• 4. Principal Competencies and the Achievement of... www.ijhssi.org 34 | P a g e The Ethics of leadership (X3.3) 0.608** Building the human resource (X3.4) 0.559** The correlation results in Table 3 indicates that the null hypothesis was rejected but the study hypothesis was supported because the correlation coefficient produced passed the standard of 0.208. This indicates that there was a significant relationship between the competency of school principals and the achievement of the SNP standard as perceived by the respondents. Based on the results from Table 4, the value of statistic 2 (Chi-squares) is = 153.155, with the value of the Significance Probability = 0.123 > 0.050, which explains that the proposed model is significant with the data obtained. The value of Normed Fit Index (NFI) = 0.968 is closer to the value of 1.000, which shows that the proposed model has more than 90% compatibility with the data. The value of Root Mean Square Error of Approximation (RMSEA) = 0.031 ≤ 0.080 shows that this value which is based on residual analysis shows that the model becomes more compatible with the data when the residual value obtained is smaller. The value of The Minimum Sample Discrepancy Function divided with the Degree of Freedom (CMIN/DF) = 1.143 < 2.000, shows that the model and the data has average category to be agreed to. The value of Goodness of Fit Index (GFI) = 0.913 ≥ 0.900, shows that the proposed model in this study suits the data collected. The value of Tucker Lewis Index (TLI) = 0.994 ≥ 0.950, indicates that the comparison of fit index model being studied is better than other models (baseline). The value of Comparative Fit Index (CFI) = 0.996 ≥ 0.950, shows that the index indicated the fit level inclined towards the high level. The value of Akaike Information Criterion (AIC) = 305.155 < Independence AIC, shows that AIC model is better than IAIC because it contains more character of independence to measure the compatibility of the model using the capacity of the parameters. The value of Expected Cross Validation Index (ECVI) = 1.994 < Independence ECVI, which shows that the compatibility of the model towards data is better as the value has more Independence ECVI character. The model based on the findings is presented by Figure 1 below:
  • 5. Principal Competencies and the Achievement of... www.ijhssi.org 35 | P a g e Based on the model suggested in the above figure, the focal research findings were (1) the competency of school principals in terms of school leadership (X1) had direct significant impact on the school achievement of the standard (Y1); path coefficient analysis = 0.720 and the standardized direct effects = 0.722 (2) the competency of school principals in terms of instructional leadership (X2) also had direct significant effect on achievement of SNP standard (Y2); path coefficient analysis = 0.120 and the standardized direct effects = 0.122 (3) the school competency of school principals in terms of school operational leadership (X3) did not show any significant impact on the achievement of SNP standard (Y3); path coefficient analysis = -0.060. III. CONCLUSION In conclusion, the results of descriptive analysis demonstrated that the competency levels of school principals) were perceived at high level by respondents (high mean values), and the respondents’ scores on the schools’ achievement of the SNP standard were high. The results also showed that the principals’ competencies in term of school leadership and instructional leadership had direct significant impact on the achievement of the SNP standard. Other finding aligned with this research was the one by Hallinger and Murphy (1985), which demonstrated that leadership influence has indirect impact on school output even though later study by Hallinger and Heck (1998) revealed that the competency of school principals was actually never had an effect on school achievement but because of other various intermediate variables. Thus further in depth research should be conducted to clarify some gaps in the literatures in regard to principal competencies discussion. REFERENCES [1]. Bennis, W. & Nanus, B. (1985). Leaders: The Strategies for Taking Charge. New York: Harper Collins [2]. Bolman, L.G. & Deal, T.E. (2003). Reframing Organizations. Artistry, Choice and Leadership (3rd ed). United States of America: Jossey Bass. [3]. Departemen Pendidikan Nasional Indonesia (2007). Peraturan Menteri (Permen) Pendidikan Indonesia Nombor 13 Tahun 2007 tentang Standard Kompetensi Kepala Sekolah. Jakarta: Depdiknas [4]. Dharma, Surya (2008). Kepala Sekolah di Indonesia tidak Kompeten. Harian Kompas.com [5]. Drucker, P. (1992). Managing for the Future: The 1990s and Beyond. New York: Penguin [6]. Florida Department of Education (FDoE) (2008). Florida Principal Leadership Standards. Retrieved January 16, 2011 from http://www.floridaschoolleaders.org [7]. Hallinger, P. & Heck, R.H. (1998). Exploring the Principal’s Contribution to School Effectiveness: 1980 –1995. School Effectiveness and Social Improvement.9,157 – 191 [8]. Hallinger, P. & Murphy, J. (1985). Assessing the Instructional Leadership Behavior of Principals. Elementary School Journal. 86(2), 217-248. [9]. Hopkins, D. (2000). Instructional Leadership and School Improvement. National College for School Leadership (NCSL). [10]. Institut Aminuddin Baki (2008). Standard Kompetensi Kepengetuaan Sekolah Malaysia (SKKSM). Malaysia: IAB Kementerian Pelajaran Malaysia [11]. Institut Aminuddin Baki (2010). Institut Aminuddin Baki Melangkah ke Hadapan. Malaysia: IAB Kementerian Pelajaran Malaysia [12]. Institute for Educational Leadership (2000). Leadership for Student Learning: Reinventing the Principalship. Washington, DC: Author [13]. Interstate School Leaders Licensure Consortium (2008). Educational Leadership Policy Standards. Washington, DC: The National Policy Board for Educational Administration [14]. Jackson, K.M. & Trochim, W.M.K. (2002). Concept Mapping as an Alternative Approach of Open-Ended Survey Responses. Organizational Research Methods. 5(4), 307 – 336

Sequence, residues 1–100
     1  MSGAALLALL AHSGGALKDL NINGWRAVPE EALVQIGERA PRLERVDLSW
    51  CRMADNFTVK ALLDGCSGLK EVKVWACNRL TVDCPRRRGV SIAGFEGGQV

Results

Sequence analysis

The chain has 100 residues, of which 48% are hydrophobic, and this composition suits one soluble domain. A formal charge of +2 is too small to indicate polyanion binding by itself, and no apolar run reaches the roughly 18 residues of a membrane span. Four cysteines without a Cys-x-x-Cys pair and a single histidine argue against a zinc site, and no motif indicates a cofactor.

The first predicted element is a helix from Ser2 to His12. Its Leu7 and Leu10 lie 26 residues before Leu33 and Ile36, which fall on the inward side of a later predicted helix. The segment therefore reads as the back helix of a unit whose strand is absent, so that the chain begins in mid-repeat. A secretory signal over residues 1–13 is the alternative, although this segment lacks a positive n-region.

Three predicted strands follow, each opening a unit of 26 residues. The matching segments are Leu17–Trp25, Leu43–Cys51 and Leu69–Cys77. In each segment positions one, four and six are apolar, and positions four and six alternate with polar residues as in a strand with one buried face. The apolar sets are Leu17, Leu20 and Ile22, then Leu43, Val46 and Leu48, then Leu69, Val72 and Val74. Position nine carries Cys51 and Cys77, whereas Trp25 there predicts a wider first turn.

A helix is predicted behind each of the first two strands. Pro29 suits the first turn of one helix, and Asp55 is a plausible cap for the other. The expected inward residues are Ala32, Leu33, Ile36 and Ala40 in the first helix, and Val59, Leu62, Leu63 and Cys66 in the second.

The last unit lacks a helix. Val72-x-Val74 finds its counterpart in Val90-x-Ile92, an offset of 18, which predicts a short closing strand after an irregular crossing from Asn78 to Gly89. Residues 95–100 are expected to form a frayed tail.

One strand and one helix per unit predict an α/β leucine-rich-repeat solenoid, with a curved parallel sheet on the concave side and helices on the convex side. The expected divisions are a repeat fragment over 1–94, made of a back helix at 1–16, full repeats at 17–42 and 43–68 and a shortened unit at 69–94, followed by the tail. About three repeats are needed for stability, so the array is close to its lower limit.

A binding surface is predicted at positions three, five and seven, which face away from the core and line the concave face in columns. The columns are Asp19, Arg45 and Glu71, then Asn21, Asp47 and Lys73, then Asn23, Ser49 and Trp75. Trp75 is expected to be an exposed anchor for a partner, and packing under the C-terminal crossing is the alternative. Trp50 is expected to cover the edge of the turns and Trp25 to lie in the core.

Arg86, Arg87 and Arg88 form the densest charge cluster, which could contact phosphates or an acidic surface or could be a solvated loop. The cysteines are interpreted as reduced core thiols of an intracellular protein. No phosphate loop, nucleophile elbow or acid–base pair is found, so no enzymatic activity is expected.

• 6. Principal Competencies and the Achievement of... www.ijhssi.org 36 | P a g e [15]. Katz, R.L. (1993). Skills of an Effective Administrator. Harvard Business School Press. Retrieved April 14, 2011 from http://www.dev.sostreassoc.com [16]. Kotter, J. (1990). A Force for change: How leadership differs from management. New York Press [17]. Leithwood, K., Louis, K.S., Anderson, S. & Wahlstrom, K. (2004). How leadership influences student learning (Executive Summary). New York: The Wallace Foundation. [18]. Lokman Mohd Tahir, Malmuzzammil Yasin & Mislina Salleh. (2013). Impak Strategi Politik terhadap Amalan Kepimpinan Pengajaran Pengetua Sekolah Cemerlang. Jurnal Teknologi. 60 (2013), 1-10 [19]. Mazzeo, Cristopher. (2003). Improving Teaching and Learning by Improving School Leadership. NGA Center for Best Practices [20]. Mustamin & Malmuzzammil Yasin. (2012). Using Concept Mapping to build Concept the Competence of School Principals. Journal of Education and Learning. 6 (4), 215-222. [21]. Owens, R.G. (2001). Organizational Behavior in Education: Instructional Leadership and School Reform (7th ed). Retrieved January 21, (2011) from http://www.eric.ed.gov/ERICWebPortal [22]. Rahman. (2005). Kepemimpinan Transformasional Berbasis Mutu Pendidikan. Jakarta: Indira Publisher. [23]. Rakhmat. (2010). Konsep Asas Standard Nasional Pendidikan. Makalah kajian workshop Dirjen Mandikdasmen Kementrian Pendidikan Nasional RI. [24]. Sudrajat A. (2008). Tujuh Puluh Persen Kepala Sekolah tidak Kompeten. Retrieved April 9, 2011 from http://www.tempointeraktif.com [25]. Wahjosumidjo. (2003). Kepimpinan Kepala Sekolah; Tinjauan Teoritik dan Permasalahannya. Jakarta: PT Raja Grafindo Persada [26]. Waters, T., Marzano, R. J. & McNulty, B. (2003). Balanced LeadershipTM : what 30 Years of Research Tell Us about the Effect of Leadership on Student Achievement. A Working Paper McREL’s.